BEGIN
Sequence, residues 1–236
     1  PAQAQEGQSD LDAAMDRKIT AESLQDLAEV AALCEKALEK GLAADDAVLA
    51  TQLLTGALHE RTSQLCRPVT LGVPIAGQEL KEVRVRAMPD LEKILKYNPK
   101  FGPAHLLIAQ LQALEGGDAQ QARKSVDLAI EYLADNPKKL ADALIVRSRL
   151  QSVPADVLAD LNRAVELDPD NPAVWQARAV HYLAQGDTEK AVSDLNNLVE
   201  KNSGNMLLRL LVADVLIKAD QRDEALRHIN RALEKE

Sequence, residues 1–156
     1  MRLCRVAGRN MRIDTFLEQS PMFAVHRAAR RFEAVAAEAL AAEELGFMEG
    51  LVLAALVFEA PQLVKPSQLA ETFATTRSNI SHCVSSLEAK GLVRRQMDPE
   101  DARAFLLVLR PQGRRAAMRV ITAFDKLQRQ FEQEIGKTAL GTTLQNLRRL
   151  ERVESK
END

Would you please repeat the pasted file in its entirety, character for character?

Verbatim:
Sequence, residues 1–236
     1  PAQAQEGQSD LDAAMDRKIT AESLQDLAEV AALCEKALEK GLAADDAVLA
    51  TQLLTGALHE RTSQLCRPVT LGVPIAGQEL KEVRVRAMPD LEKILKYNPK
   101  FGPAHLLIAQ LQALEGGDAQ QARKSVDLAI EYLADNPKKL ADALIVRSRL
   151  QSVPADVLAD LNRAVELDPD NPAVWQARAV HYLAQGDTEK AVSDLNNLVE
   201  KNSGNMLLRL LVADVLIKAD QRDEALRHIN RALEKE

Sequence, residues 1–156
     1  MRLCRVAGRN MRIDTFLEQS PMFAVHRAAR RFEAVAAEAL AAEELGFMEG
    51  LVLAALVFEA PQLVKPSQLA ETFATTRSNI SHCVSSLEAK GLVRRQMDPE
   101  DARAFLLVLR PQGRRAAMRV ITAFDKLQRQ FEQEIGKTAL GTTLQNLRRL
   151  ERVESK